A Chicago-based data analytics firm that has been working closely with the entertainment industry has announced the release of a new online platform to help movie distributors better track and target movie audiences.
Networked Insights said it has already signed on Universal Studios and two other major Hollywood companies for its Kairos-MovieSense service. It hopes to land contracts with other studios. Despite the data awash across the Internet, the studios have complained that they have not been able to glean information that helps them precisely calibrate their ad campaigns.
Networked Insights formed a decade ago under Dan Neely, a British-born, University of Georgia-trained math whiz, who was part of the founding team that had previously started the online insurance outfit Esurance, now a unit of Allstate.
Neely’s company analyzes the vast trove of data from the social Web — comments on articles, YouTube, Twitter, Facebook and more — to track audience sentiment. The platform has built a database plumbing audience reaction to films dating back to 2012 and for all major releases going forward. Studio marketing executives can use the platform to learn how consumers reacted to similar films and campaigns in the past and how they are responding, in real time, to an ongoing ad blitz.
The company says that its system allows marketing leaders to focus, in granular detail, on “gettables” – consumers who are more likely to see a movie on any given weekend than the general public. The information homes in on potential customers beginning 29 weeks prior to an opening weekend, the period when initial trailers typically land on television and online.
“That totally changes studios’ ability to find actionable insights and see opportunities to adjust their marketing to gain more efficiencies and, in the end, see greater returns opening weekend,” said Neely. Studios can reject messages that are not working, reup those that are and target specific segments, via new platforms, particularly on the Web.
The company said its contracts to provide the platform will cost studios in the seven-figures per year. Initial users appear to be finding an investment worthwhile. Seth Byers, executive VP of creative strategy and research at Universal Studios, said the company and its Kairos-MovieSense platform “bring to the table new signals based on real-time data gathering that reflect what people are saying and doing online right now.” Byers added: “Right after our first trailer drops, we can see how our ad materials and media buys are resonating, with whom, why and how it impacts movie-going interest.”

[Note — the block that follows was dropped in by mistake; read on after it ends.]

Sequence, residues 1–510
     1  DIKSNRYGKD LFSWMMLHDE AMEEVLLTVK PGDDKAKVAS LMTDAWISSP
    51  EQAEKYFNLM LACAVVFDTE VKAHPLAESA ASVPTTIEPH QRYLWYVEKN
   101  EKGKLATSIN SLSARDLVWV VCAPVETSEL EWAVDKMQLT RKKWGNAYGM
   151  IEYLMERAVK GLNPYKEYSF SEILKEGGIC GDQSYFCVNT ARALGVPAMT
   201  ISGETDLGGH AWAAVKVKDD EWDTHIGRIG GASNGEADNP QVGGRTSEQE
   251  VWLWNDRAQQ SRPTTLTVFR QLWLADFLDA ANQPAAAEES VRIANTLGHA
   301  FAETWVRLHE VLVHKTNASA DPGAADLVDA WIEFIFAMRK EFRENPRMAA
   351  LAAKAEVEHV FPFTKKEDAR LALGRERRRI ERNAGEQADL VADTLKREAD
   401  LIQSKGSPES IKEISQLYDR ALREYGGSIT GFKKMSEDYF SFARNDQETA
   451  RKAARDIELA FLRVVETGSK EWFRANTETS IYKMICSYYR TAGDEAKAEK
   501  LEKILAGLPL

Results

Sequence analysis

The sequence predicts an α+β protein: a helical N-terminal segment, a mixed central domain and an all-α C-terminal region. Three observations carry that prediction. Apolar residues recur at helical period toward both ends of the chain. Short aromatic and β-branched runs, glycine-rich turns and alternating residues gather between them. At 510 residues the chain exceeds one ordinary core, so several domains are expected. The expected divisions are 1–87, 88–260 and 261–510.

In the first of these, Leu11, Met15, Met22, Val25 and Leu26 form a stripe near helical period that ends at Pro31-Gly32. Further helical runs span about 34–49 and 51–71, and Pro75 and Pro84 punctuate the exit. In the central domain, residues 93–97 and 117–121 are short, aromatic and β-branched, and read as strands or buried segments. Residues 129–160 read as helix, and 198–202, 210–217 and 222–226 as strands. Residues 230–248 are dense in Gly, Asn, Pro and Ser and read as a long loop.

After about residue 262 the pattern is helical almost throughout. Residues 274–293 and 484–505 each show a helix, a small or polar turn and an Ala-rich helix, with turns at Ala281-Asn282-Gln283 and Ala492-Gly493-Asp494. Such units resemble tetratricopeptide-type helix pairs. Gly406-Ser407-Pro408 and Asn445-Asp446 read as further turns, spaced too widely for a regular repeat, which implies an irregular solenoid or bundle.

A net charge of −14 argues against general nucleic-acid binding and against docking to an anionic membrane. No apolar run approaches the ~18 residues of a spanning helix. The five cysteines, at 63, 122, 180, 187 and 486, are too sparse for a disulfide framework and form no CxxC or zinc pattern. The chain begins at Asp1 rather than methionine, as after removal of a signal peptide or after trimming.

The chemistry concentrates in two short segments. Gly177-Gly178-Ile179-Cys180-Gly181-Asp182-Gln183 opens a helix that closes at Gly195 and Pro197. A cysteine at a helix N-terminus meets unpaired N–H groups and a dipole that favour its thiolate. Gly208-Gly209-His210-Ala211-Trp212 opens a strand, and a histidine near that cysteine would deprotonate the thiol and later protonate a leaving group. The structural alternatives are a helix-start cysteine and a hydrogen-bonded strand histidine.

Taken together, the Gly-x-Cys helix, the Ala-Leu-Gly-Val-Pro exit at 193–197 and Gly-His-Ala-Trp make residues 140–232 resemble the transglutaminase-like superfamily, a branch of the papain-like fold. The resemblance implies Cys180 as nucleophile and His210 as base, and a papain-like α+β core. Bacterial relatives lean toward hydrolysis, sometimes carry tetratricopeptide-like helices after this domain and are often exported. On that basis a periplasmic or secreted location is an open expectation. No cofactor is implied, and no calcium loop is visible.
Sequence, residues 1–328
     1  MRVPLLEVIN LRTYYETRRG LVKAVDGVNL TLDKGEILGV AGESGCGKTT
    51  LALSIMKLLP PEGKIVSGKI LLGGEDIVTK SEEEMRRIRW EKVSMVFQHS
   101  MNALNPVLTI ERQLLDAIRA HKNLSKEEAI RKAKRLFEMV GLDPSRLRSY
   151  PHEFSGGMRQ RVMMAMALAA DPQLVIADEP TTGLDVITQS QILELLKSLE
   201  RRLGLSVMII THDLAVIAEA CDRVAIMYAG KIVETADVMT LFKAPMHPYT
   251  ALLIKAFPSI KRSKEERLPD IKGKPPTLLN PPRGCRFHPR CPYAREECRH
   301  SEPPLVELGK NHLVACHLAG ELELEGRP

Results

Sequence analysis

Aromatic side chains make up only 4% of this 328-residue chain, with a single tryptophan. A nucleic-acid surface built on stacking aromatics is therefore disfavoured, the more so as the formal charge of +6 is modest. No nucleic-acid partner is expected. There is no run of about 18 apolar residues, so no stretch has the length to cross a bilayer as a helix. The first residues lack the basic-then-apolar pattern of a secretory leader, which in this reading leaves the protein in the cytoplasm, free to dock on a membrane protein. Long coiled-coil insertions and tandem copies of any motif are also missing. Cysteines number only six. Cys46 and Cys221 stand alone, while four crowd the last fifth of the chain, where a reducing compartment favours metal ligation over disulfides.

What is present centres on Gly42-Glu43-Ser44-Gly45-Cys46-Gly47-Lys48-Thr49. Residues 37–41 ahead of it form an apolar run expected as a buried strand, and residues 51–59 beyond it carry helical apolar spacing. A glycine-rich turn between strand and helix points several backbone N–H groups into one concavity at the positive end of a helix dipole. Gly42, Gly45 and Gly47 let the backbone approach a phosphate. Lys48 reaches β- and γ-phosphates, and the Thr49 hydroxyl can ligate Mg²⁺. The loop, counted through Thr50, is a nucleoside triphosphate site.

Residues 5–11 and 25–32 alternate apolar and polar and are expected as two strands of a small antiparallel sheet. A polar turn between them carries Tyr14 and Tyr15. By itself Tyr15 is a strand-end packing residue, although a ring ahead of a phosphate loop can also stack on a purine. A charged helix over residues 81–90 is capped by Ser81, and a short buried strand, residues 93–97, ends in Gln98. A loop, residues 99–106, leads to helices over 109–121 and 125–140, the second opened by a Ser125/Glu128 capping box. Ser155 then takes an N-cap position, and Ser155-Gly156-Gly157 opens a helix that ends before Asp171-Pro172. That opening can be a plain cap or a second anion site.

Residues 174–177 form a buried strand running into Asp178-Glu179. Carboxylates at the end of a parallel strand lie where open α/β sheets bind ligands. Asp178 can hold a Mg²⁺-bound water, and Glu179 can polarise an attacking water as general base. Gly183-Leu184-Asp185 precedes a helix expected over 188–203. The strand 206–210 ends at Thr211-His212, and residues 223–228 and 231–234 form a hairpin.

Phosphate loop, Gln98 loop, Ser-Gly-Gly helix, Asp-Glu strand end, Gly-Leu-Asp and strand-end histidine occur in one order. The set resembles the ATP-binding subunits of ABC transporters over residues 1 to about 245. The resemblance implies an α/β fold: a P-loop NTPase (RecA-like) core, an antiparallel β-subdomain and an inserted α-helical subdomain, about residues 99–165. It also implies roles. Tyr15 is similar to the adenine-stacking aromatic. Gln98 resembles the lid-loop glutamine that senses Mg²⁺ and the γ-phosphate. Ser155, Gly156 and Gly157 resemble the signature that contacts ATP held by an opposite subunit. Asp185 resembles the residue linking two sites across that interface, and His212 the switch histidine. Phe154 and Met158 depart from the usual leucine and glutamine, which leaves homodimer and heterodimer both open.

Neely said he thought his company’s product had achieved traction in Hollywood because he engaged film executives from the start over what kind of information they were lacking. In a meeting arranged three years ago by the Ziffren Brittenham law firm, Neely and his Networked Insights team met with the leaders of most of the Hollywood studios. The company had already been working on building its platform for more than five years before that, and had signed on hundreds of non-entertainment brands, including Under Armour and Coca-Cola, Neely said.
The company’s experts broke down user statements from online and social media. It learned that many statements about movies were not direct but implicit, requiring a sophisticated analysis of all the Web chatter. The software can now turn those sometimes oblique statements into reliable measures along two axis — one of viewers’ awareness of individual films and the other of their intent to see them.
Looking at recent MovieSense data, that appears to spell good news for Disney’s April 15 release “The Jungle Book,” which ranks in the top 25% of releases in both awareness and viewer intent. Its awareness level is at a higher point than 2014’s “Maleficent” was five weeks out from its premiere. And that “Sleeping Beauty” adaptation did very well — going on to make $759 million at the worldwide box office.
In contrast, signs were bleak for “Zoolander 2” weeks before its February release, with the film in the top 25% in awareness, but with its ads leaving viewers cold. By five weeks out from opening night, interest in seeing the Ben Stiller-led sequel was plummeting, Kairos-MovieSense found.